• 6 Drake schools, with a total of 137boys and girls, received environmental education monthly or bimonthly.
  • 40 children from 4 environmental groups carrying out environmental activities in their community.
  • 1 youth group implementing environmental education and environmental actions in their community.
  • Our organization supported the creation of the Junior Ranger Program for the Golfo Dulce Forest Reserve.
  • 44 volunteers recruited to support the turtle conservation projects at Playa Rincón and Río Oro Beach. A total of 12 volunteers have collaborated at Playa Rincón and 32 volunteers at the Río Oro Beach.
  • In collaboration with the Osa Foundation, we have supported the protection of Playa de Rincón, where a total of 125 nests have been reported from August to date.  93 of these nests were relocated to the nursery and only 9% were lost due to poaching or predation.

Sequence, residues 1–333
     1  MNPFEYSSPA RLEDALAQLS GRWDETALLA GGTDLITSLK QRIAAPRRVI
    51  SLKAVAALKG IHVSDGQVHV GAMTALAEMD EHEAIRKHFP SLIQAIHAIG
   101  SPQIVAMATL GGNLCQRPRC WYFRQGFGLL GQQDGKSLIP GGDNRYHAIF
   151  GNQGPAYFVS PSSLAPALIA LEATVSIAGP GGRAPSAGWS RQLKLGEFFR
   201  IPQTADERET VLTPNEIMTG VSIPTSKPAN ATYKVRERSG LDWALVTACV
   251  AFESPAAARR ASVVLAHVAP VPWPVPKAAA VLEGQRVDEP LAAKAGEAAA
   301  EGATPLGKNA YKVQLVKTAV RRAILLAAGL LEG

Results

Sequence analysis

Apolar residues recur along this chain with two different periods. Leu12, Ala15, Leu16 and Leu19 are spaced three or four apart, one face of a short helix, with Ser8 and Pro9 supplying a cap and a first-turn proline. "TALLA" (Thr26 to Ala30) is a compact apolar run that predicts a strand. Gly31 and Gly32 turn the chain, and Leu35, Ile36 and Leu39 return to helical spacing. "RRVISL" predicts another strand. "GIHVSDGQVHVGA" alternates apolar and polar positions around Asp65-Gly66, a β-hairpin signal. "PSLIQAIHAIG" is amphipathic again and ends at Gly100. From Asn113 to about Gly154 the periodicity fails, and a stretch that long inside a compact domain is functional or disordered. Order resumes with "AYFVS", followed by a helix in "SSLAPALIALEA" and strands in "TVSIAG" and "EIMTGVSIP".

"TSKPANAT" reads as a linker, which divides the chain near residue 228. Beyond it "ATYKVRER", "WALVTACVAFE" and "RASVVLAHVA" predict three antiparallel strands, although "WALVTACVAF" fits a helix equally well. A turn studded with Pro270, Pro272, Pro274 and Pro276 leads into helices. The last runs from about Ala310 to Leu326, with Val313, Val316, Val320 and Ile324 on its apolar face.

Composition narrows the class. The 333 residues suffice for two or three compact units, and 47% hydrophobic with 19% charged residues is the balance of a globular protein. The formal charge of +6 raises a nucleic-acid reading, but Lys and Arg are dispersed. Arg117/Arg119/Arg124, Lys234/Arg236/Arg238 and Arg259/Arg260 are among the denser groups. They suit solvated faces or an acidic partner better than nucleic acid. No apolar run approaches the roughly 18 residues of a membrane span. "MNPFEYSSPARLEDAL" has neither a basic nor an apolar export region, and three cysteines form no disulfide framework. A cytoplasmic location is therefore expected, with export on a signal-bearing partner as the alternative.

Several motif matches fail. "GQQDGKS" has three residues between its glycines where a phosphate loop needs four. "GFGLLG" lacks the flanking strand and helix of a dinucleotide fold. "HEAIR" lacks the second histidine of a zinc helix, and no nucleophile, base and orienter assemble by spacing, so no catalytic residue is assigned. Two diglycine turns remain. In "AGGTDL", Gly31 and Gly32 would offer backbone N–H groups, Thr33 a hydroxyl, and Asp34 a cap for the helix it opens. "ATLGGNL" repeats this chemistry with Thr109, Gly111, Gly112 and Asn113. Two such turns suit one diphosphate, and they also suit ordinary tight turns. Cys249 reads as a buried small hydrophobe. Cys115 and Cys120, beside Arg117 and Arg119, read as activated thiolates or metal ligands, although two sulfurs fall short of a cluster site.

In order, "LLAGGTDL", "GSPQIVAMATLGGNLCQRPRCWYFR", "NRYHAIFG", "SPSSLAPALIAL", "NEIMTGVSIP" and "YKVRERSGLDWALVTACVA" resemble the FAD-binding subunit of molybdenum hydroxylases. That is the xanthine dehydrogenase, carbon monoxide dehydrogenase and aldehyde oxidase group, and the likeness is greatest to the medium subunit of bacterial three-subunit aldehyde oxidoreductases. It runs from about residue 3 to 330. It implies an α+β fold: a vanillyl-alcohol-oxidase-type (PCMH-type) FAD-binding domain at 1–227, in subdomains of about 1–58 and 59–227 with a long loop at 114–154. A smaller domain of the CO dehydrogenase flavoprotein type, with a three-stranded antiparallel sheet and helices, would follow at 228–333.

Links:

Apr 16, 2018

It is like a dream come true after 40 years!

Community members working on the bridge
Community members working on the bridge

“It is like a dream come true… after 40 years!”   These were the words of our local liaison in Osa when we first opened ground to build the pedestrian bridge in El Progreso. 

Mayra and her family have lived in the Drake Bay area for more than 40 years, and they could not have imagined the day that they would actually be able to cross the Drake Bay river by bridge.  40 years!   For 40 years her family and her friends have been forced to cross the river by foot to go back and forward from Agujitas to Progreso.  Children needed to cross it to go to their nearest highschool and mothers needed to cross it to take their children to the doctor.   Several times a year the rains would come, and the river became unpassable.    It was normal to see students or workers on one side of the river, waiting for the waters to succumb, so that they could go home. Many risked their lives to make it to the other side.